According to the CDC, there were over 52 million adults in the United States who were suffering from some form of arthritis as of 2014. Although the condition can manifest in younger individuals, it is a quite common to find people suffering from arthritis as they age. Although it might seem like they have little in common at first glance, more people should consider the benefits of pairing ginger and arthritis.
What Is Arthritis?
There are over 100 different types of arthritis. Usually when people talk about having chronic joint pain or a joint disease, they are referring to arthritis. The most common type is osteoarthritis, which is a degenerative form where the cartilage on the ends of the bones wears away, causing stiffness and swelling. Although the pain and stiffness can make it so people don’t want to move, finding a good balance of activity, rest, and medication can help keep the disease from spreading quickly and limiting mobility. Some ways to fight arthritis include:
Being regularly active
Maintaining healthy weight
Strengthening joint muscles
Using hot and cold treatments
Taking pain relievers or anti-inflammatory medications
How Does Ginger Fight Arthritis?
Ginger is an herb that comes in the form of a tuber similar to a carrot. It grows in the ground as part of the zingiber plant, and it is the root that people are usually interested in consuming. Traditionally, ginger and its hundreds of chemically active ingredients have often been used to fight nausea. However, the root has also been shown in a few different studies to have some anti-inflammatory benefits, especially in individuals who suffer from arthritis. In a study in the UK where half the participants were given daily doses of ginger and half were given a placebo, those who took the ginger experienced less pain. It is possible for ginger consumption to be a viable alternative to taking non-steroidal anti-inflammatory drugs (NSAIDs). There are several different ways to use ginger to fight arthritis.
1. Eat It Raw
If you really want to enjoy the anti-inflammatory benefits of ginger at their best, then you are probably better off just eating the rhizome raw. There’s really no trick to this. Just wash off the root and you can start eating it like a carrot. You can also slice it into bite-sized pieces. In addition to being well known for its anti-inflammatory properties, ginger is also used to fight nausea. In both cases, eating some raw is likely to be the best way to consume the root.
2. Grate It
There are many reasons why you might want to try grating your ginger. It can be easily used in a variety of recipes this way. The frustration that many people experience, however, is that fibers of the root tend to get stuck in the grater, making the process quite difficult. If you plan on grating your ginger root, place it in the freezer well before hand. This will help it to grate easier and prevent much of it from getting stuck in the grater. You can then use the shavings in various recipes, or you can eat it raw, if you prefer.
3. Boil It
Ginger tea is commonly used by people to get their daily dose of the rhizome. Making the tea is fairly simple. You can boil the water first and then steep the tuber in the water for the desired amount of time, or you can boil the root in the water. The longer you steep the root, the stronger the tea becomes. Many people find that a 10-minute steep is just long enough. Boiling for an hour creates a strong tea, but loses some of the fresh flavor. You can also add other ingredients to play with the flavor, such as mint. However, it is important to keep in mind that boiling ginger root may take away some of its beneficial anti-inflammatory properties. While the tea might be a good solution for fighting an upset stomach, the desired results for arthritis might be diminished.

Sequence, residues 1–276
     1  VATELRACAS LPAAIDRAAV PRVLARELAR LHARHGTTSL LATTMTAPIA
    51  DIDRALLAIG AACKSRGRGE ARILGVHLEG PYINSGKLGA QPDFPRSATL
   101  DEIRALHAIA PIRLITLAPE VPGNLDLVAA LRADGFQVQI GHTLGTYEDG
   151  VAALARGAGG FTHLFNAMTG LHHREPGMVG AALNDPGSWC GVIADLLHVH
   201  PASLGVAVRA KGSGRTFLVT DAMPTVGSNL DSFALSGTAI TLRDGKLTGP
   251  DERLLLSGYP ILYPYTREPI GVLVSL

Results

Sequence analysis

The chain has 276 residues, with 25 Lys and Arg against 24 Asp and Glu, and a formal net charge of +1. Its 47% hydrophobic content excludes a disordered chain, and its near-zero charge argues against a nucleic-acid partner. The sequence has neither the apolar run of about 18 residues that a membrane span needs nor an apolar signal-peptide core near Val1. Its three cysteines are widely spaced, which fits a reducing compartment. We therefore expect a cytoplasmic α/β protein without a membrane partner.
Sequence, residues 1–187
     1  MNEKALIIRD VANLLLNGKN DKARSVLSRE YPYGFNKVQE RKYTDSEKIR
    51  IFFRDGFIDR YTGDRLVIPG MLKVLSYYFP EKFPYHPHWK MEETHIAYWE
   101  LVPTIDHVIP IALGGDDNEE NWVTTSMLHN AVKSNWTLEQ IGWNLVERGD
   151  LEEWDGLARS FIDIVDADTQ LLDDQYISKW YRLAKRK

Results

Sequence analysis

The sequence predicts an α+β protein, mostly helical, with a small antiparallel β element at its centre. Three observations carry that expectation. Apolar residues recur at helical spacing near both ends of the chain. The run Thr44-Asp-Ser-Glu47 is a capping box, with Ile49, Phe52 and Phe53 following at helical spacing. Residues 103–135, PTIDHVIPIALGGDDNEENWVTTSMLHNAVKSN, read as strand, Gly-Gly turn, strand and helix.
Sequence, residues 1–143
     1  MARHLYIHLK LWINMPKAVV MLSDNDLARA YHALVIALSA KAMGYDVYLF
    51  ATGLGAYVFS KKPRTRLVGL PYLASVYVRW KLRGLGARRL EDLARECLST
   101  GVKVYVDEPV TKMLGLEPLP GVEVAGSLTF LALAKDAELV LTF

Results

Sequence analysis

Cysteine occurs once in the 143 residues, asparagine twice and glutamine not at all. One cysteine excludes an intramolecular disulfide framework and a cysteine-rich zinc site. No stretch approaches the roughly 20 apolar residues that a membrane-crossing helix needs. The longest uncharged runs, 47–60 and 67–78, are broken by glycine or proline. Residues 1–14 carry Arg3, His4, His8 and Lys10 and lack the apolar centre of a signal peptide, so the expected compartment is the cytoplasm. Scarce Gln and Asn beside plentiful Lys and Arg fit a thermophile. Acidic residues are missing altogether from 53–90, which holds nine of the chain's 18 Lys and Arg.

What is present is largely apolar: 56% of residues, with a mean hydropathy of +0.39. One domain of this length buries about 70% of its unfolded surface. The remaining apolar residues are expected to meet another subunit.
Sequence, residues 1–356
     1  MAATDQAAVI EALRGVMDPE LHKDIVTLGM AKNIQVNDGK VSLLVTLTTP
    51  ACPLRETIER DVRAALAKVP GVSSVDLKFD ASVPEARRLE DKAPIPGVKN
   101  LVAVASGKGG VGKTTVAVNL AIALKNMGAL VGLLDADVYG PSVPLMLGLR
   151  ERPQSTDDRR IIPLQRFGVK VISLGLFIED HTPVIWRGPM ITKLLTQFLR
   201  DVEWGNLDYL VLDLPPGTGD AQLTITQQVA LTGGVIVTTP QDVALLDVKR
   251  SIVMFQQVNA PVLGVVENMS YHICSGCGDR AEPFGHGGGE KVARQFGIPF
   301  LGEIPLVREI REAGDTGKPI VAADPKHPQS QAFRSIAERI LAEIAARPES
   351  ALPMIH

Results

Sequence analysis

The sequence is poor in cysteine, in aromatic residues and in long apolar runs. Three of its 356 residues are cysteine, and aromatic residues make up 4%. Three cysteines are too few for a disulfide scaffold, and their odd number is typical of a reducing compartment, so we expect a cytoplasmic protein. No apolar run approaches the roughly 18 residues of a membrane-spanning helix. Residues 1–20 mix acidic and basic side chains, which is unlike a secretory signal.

4. Juice It
If you have a juicer, then you can juice ginger directly. You can still juice it even without a fancy juicing machine. Just grate it up and squeeze the peelings over a cup or pot. To avoid having small pieces of the ginger floating in the juice, try squeezing the peelings through a couple of layers of cheesecloth. You can drink the juice as it is, add it to food for flavor, or even use it to make a strong tea.
5. Eat the Candy
There are several different companies that make ginger candy. This combines ginger with sugar to help you get your ginger fix. While this can technically be used to help fight arthritic inflammation, many people argue that the sugar in the candy counteracts the benefits of the ginger. Sugar is actually pro-inflammation, so there is a possibility that it could make swelling even worse. Although it has ginger in it, people with arthritis should be careful about the types of candy they decide to consume. Where possible, try to get completely natural candy. Sugar-free varieties are likely to be better for arthritis.
6. Take a Pill
If the taste of ginger does not appeal to you or you are short on time, then you can find ginger root encapsulated. This makes it simple and quick to get a very specific dose of the rhizome every day. You can find straight ginger pills in varying strengths, and you can also find combinations with other ingredients such as turmeric.
It is fairly easy to add ginger into a daily routine. Those who are concerned about price may be able to find affordable options at Asian markets. While the root is not a cure for arthritis, there’s no doubt that ginger may help with the pain and inflammation associated with flare ups. Find the method that works best for you and enjoy your daily rhizome.